Interview Jacopo Valentini


My entire work is based on contaminations, from suggestions to research, production and finally delivery. I am especially interested in the contamination between intuitions that are linked to the act of physically moving around and of photographing, ones linked to the vernacular imaginary, as well as ones linked to the scientific one. What captivates me me is how the role of images can evolve, and how the images themselves can be redefined. Contaminations are fundamental to me, essentially because I believe that a photograph cannot exist for itself, but that the point is rather how photography can actively participate in processes of knowledge building without necessarily being descriptive. As mentioned above, my work process consists of contaminations – not only between different disciplines, but also between languages. I am currently really interested in the possibilities of interaction between the image and the text, and the installation possibilities of the work themselves. A particularly important reference in this sense is the work of Allan Sekulan, which fits into the documentary tradition in a rather radical way, constructing real essays that interact with his photographs.


I often look to the past and the present; the referenceson which I focus do not necessarily belong to a long-gone time. The “book object”, whether photographic or written, is fundamental to me. I believe that reading provides the project with essential aspects for its development. Lately, I have been avidly reading John Berger, Jorge Luis Borges and Ermanno Cavazzoni. I am also reading various essays that give me fundamental points for the development of my projects. For the visual arts category, as for the others, my list is not fixed but rather changing; however, there are some stable points which are currently: Giovanni Bellini, Stefano Graziani, Bas Princen, Pero della Francesca, Fischli & Weiss, Giotto, Francesco Guardi, Stephen Shore, Beato Angelico, Lewis Baltz, On Kawara, Aldo Rossi, Beate Gütschow, Jean Fouquet, Pezo Von Ellrichshausen, Paul Strand, Sandro Botticelli, Franco Guerzoni, Luigi Ghirri, Jeff Wall, Giotto, Carl Andre, Perugino, Takashi Homma, Stephen Shore, OFFICE KGDVS, Raffaello and I could go on. As for my cinematographic references: Andrej Tarkovsky, Ingmar Bergman, Sebastián Lelio, Michelangelo Antonioni, Wes Anderson, Bernardo Bertolucci. I decided to create this haphazard, indefinite list on purpose, and to remain on the surface, by only mentioning their names.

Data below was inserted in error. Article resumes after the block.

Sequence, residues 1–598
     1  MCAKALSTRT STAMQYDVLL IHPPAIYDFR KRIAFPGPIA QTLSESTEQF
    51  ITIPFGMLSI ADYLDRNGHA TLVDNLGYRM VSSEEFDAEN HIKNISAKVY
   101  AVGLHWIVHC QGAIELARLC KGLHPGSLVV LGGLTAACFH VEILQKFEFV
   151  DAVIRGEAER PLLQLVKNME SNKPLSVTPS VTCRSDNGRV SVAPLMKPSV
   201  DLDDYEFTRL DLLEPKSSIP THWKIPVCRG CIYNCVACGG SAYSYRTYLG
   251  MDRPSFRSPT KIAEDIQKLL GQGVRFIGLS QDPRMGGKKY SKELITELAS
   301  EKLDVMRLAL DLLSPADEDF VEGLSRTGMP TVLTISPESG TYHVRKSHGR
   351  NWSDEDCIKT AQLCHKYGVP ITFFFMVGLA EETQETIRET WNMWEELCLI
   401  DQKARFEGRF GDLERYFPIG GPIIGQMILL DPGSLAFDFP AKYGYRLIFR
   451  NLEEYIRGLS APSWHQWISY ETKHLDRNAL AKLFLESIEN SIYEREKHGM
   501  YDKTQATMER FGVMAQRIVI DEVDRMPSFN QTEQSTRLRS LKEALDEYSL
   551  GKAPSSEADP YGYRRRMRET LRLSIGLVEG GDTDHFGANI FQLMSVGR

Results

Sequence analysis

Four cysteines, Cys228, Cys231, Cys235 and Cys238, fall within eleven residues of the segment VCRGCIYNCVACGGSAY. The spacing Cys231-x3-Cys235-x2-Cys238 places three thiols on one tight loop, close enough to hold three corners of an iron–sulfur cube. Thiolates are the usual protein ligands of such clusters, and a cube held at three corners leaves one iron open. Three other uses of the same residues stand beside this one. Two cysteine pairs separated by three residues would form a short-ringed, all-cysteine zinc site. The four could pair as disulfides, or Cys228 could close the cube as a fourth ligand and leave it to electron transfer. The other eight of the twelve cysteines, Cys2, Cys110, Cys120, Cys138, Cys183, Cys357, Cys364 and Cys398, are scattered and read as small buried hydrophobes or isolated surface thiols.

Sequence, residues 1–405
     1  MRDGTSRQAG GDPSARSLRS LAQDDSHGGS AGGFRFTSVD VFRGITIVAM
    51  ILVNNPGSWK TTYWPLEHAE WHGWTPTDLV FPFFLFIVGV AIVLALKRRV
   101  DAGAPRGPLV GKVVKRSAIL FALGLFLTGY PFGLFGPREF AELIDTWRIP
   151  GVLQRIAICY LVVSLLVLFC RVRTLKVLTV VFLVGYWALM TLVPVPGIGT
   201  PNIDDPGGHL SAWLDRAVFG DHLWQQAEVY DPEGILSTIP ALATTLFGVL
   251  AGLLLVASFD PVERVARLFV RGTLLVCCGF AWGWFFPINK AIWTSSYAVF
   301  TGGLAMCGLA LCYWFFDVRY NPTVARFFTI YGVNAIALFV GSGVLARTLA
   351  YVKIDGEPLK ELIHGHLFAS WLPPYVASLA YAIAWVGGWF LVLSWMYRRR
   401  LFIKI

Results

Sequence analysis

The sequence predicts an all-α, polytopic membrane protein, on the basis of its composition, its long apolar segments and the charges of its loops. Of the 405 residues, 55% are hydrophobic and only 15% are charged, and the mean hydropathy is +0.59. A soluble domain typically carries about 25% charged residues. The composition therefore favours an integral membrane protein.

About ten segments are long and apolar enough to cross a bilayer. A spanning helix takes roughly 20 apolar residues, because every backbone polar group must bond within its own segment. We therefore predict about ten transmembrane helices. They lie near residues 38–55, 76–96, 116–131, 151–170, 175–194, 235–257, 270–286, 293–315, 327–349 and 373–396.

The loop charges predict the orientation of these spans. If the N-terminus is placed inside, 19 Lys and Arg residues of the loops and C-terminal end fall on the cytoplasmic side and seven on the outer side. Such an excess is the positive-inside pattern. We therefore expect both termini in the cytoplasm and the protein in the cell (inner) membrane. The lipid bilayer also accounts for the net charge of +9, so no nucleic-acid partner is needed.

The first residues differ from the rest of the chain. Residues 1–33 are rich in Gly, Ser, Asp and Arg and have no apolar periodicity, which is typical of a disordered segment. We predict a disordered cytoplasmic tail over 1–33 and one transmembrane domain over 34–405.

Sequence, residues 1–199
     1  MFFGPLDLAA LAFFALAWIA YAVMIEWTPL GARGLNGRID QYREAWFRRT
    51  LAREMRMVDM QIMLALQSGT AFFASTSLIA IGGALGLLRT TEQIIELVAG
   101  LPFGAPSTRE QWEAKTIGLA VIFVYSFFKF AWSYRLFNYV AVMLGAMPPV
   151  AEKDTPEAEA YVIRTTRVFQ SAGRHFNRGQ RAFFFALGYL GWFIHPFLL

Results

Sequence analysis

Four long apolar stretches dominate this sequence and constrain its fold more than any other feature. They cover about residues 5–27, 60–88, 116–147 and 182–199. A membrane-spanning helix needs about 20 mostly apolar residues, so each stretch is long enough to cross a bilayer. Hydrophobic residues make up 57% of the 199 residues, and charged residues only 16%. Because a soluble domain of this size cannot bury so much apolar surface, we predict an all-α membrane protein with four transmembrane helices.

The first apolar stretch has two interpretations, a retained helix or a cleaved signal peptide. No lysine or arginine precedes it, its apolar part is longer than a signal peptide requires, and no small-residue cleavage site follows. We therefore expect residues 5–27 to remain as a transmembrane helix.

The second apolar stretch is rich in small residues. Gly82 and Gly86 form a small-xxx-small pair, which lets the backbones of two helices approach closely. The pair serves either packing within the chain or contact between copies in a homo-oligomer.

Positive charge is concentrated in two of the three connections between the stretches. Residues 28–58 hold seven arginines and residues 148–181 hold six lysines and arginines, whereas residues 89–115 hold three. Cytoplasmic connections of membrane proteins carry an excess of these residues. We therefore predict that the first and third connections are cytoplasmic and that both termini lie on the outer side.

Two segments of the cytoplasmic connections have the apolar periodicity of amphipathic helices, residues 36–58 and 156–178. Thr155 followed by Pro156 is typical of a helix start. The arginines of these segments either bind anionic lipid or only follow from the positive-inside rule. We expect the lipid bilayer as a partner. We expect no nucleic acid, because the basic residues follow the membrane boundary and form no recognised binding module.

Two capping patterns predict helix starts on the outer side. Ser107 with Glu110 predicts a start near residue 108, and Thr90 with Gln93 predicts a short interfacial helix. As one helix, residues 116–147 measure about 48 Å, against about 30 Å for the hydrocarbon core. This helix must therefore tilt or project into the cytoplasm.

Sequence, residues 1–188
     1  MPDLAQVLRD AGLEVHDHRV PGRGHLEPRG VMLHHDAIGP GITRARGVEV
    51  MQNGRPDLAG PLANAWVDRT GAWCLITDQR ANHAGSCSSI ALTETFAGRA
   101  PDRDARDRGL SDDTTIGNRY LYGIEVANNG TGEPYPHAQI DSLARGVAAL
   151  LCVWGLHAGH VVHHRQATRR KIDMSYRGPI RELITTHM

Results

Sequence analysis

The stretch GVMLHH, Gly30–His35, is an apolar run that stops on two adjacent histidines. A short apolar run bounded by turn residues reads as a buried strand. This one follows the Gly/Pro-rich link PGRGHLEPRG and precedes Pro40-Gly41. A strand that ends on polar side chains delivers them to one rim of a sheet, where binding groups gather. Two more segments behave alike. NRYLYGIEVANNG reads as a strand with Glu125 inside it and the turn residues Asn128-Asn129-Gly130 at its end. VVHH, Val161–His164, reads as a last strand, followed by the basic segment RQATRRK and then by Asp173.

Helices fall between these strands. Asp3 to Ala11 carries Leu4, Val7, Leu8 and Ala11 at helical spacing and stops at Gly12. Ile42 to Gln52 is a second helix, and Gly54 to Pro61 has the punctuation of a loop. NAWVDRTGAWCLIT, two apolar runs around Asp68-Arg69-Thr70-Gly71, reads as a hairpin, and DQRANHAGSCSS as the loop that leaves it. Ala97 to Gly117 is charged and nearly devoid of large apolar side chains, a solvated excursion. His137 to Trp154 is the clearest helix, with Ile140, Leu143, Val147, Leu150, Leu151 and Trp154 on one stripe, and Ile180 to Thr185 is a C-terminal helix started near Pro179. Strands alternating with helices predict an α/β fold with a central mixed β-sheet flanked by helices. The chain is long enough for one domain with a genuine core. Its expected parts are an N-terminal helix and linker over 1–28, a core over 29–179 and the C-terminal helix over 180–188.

Research methodology

I never carry my equipment around without a precise and premeditated purpose. I have never worn my camera around my neck. My visual practice only takes place after a period – of varying length, depending on the case – of studio research between books, movies, articles, archives, the web, and of course other artistic research. I conduct in-depth study before taking a photograph or a series of photographs, which then go on to form a project. Behind every project idea is a series of analogies, relatively intense, deep, or direct.

Artistic crossovers and contaminations

My visual research stemmed from photography, but it did not stop there, far from it. As events unfolded, the introduction of other artistic practices such as artistic installations and sculpture became increasingly necessary for me. In many cases, printing a photograph and hanging it on the wall was no longer enough. While always remaining the starting point – and, in many cases, the finishing point – in my research, photography alone is not sufficient to understand the entirety of the message. One example I feel like describing is one related to a project of mine, initiated in 2018 and still in development, named Vis Montium. This research, which reflects on territorial displacement within the common imaginary, finds in the sculptural reproduction another way of execution where all the artistic components are mutually necessary, although this does not mean that they are inseparable.